New Delhi: Settling a fractious issue that goes back more than a century, the Supreme Court in a historic verdict on Saturday backed the construction of a Ram temple by a trust at the disputed site in Ayodhya, and ruled that an alternative five-acre plot must be found for a mosque in the Hindu holy town.
Delivering a unanimous judgement on a case that has long polarised the country and frayed the secular tapestry of Indian society, a five-judge bench of the apex court headed by Chief Justice of India Ranjan Gogoi said the faith of Hindus that Lord Ram was born at the site was undisputed, and he is symbolically the owner of the land. Yet, it is also clear that the destruction of the 16th century three-domed structure by Hindu kar sevaks, who want to build a Ram temple there, was a wrong that "must be remedied," the ruling said.
The judgement was widely welcomed by Hindu politicians and groups, while the Muslim leadership said they will accept the verdict, even though they described it as flawed. Still, they called for peace and calm, and leaders across the political spectrum noted that it was now time to move on. "Whether it is devotion to Ram or Rahim, now is time for everybody to strengthen devotion to India," Prime Minister Narendra Modi said in a tweet.
The dispute over the site of Babri Masjid, a three-domed mosque built by or at the behest of Moghul emperor Babur, dates back centuries with Hindus contending that the invading Muslim armies had razed an existing Ram temple to erect the mosque. However, it turned into a legal dispute in 1885 when a mahant went to court seeking permission to build a canopy outside the mosque. The plea was dismissed. In December 1949, unidentified miscreants spirited an idol of Lord Ram into the mosque. The structure was destroyed by a large mob of kar sevaks on December 6, 1992.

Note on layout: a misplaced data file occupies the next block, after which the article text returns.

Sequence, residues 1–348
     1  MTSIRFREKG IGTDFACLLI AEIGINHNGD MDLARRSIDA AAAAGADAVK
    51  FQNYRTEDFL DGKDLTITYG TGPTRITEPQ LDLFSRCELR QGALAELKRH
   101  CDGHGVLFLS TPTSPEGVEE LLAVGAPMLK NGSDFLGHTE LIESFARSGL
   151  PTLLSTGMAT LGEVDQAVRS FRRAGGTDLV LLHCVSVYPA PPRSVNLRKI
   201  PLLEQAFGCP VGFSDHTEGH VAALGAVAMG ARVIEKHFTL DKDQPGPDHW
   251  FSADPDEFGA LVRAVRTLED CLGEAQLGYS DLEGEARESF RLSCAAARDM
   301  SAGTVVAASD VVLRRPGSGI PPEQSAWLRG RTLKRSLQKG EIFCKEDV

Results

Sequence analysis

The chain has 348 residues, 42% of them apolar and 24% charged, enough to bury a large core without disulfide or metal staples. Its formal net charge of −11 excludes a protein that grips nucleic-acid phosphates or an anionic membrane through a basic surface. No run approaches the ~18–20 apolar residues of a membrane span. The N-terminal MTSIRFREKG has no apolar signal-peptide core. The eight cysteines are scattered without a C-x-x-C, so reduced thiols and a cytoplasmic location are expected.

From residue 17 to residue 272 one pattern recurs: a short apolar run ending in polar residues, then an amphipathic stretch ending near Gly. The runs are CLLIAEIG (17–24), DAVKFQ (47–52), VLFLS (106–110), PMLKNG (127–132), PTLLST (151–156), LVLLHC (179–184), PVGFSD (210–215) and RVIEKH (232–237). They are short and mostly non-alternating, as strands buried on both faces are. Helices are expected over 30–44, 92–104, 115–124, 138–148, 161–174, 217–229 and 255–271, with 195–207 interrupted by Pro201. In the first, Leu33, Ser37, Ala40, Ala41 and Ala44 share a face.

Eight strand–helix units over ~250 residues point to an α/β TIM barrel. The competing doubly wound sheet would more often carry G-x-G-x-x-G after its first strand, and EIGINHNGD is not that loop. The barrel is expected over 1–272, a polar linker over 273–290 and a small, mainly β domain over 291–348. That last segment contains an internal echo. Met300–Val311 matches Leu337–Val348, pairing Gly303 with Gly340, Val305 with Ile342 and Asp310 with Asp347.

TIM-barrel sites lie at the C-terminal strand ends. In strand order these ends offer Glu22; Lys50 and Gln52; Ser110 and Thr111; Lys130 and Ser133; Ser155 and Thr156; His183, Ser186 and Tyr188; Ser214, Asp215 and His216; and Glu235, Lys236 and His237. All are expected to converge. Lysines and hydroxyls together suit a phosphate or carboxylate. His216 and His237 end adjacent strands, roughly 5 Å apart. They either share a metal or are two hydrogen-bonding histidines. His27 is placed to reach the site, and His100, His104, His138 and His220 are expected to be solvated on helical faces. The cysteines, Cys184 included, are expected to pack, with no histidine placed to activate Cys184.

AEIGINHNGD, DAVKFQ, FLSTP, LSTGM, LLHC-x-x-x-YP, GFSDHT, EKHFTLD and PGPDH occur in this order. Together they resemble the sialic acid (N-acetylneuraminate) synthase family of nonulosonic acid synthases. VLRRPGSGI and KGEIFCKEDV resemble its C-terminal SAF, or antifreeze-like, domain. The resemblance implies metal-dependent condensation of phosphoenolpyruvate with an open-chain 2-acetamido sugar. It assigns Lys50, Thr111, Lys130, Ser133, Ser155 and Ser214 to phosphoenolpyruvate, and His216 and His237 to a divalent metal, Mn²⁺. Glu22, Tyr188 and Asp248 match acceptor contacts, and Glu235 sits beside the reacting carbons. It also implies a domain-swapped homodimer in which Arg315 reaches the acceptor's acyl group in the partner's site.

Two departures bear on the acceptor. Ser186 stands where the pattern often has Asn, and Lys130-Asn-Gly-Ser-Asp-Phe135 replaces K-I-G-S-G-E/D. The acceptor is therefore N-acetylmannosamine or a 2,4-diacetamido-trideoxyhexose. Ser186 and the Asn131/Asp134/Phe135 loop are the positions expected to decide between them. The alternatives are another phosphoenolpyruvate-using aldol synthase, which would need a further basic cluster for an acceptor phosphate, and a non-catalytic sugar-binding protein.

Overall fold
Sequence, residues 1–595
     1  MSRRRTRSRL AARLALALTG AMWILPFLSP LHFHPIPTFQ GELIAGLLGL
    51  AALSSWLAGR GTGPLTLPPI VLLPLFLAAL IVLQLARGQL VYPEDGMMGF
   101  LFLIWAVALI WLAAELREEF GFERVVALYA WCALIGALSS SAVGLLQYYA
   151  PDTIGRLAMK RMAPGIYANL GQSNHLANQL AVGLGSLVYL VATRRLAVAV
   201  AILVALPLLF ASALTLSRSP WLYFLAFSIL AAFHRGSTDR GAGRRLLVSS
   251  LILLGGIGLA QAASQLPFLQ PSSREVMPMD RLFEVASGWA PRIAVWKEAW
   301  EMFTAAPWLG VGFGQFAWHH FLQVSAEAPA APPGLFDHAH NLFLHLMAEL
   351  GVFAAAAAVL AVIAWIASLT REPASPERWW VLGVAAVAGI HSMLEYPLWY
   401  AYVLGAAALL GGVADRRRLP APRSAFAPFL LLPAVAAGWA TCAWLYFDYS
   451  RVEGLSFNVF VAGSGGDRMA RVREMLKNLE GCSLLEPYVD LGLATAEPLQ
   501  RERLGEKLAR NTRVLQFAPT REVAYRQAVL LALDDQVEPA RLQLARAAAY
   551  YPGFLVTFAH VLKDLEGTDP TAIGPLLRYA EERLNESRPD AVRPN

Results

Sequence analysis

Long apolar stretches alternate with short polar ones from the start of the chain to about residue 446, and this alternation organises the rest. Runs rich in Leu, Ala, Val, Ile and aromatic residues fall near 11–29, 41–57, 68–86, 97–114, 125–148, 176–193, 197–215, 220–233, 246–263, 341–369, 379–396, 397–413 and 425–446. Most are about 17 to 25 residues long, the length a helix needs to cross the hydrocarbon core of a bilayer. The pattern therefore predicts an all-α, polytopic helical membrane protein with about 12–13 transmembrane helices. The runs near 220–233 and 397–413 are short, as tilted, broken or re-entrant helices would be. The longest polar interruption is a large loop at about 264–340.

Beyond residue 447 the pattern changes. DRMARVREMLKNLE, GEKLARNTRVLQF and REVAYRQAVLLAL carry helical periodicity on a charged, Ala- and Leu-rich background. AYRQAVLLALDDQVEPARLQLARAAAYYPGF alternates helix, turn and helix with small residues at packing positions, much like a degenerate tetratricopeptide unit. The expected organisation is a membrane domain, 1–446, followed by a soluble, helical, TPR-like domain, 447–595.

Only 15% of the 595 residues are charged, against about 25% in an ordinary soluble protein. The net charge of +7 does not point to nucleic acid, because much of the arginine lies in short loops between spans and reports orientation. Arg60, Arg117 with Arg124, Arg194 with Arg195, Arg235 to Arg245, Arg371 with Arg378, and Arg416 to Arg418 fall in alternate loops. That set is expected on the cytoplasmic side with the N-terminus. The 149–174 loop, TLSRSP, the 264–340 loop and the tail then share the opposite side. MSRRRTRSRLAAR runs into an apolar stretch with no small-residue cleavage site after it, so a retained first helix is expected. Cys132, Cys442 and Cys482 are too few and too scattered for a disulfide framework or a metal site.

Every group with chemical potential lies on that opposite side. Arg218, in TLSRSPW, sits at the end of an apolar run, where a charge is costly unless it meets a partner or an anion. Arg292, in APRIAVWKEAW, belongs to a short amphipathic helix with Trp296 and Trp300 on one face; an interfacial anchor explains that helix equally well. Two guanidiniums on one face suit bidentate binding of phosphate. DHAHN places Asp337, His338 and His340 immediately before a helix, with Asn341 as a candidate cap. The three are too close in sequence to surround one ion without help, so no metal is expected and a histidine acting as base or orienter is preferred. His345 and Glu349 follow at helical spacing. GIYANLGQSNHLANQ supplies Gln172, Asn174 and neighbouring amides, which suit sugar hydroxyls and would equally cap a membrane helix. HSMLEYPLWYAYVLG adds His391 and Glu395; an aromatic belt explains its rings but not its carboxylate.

The demolition triggered nationwide Hindu-Muslim riots, more so in north India and Mumbai, which left many hundreds dead. Subsequently, Muslim extremists angered by the demolition and the riots, carried out a series of bombings in Mumbai on March 12, 1993, which left hundreds dead. "The Constitution must ensure that a wrong committed must be remedied. Justice would not prevail if the Court were to overlook the entitlement of the Muslims who have been deprived of the structure of the mosque through means which should not have been employed in a secular nation committed to the rule of law," the judgement said.
To remedy that wrong, the court asked the government to allot a five-acre plot in a "prominent" location in the holy town of Ayodhya in Uttar Pradesh for constructing a new mosque. The disputed 2.77-acre plot will for now remain with a Central government receiver, who will hand it over to a government-created trust that must be created within three months. The trust will be tasked with the construction of the temple. The judgement said it is not concerned with faith and belief, and instead treated the case as a title dispute over land between three parties -- the Sunni Muslim Waqf Board, the Nirmohi Akhara, a Hindu group, and the symbolic Lord Rama designated as Ram Lalla Virajman.
"The dispute is over immovable property. The court does not decide title on the basis of faith or belief but on the basis of evidence," the judgement said, delivered at the end of a marathon 40-day hearing-- the second longest in the history of apex court. Justice Gogoi is due to retire on November 17. "On the balance of probabilities, there is clear evidence to indicate that the worship by the Hindus in the outer courtyard" has continued unimpeded even before 1857 when the British annexed Oudh region. "The Muslims have offered no evidence to indicate that they were in exclusive possession" of the mosque before 1857, it said.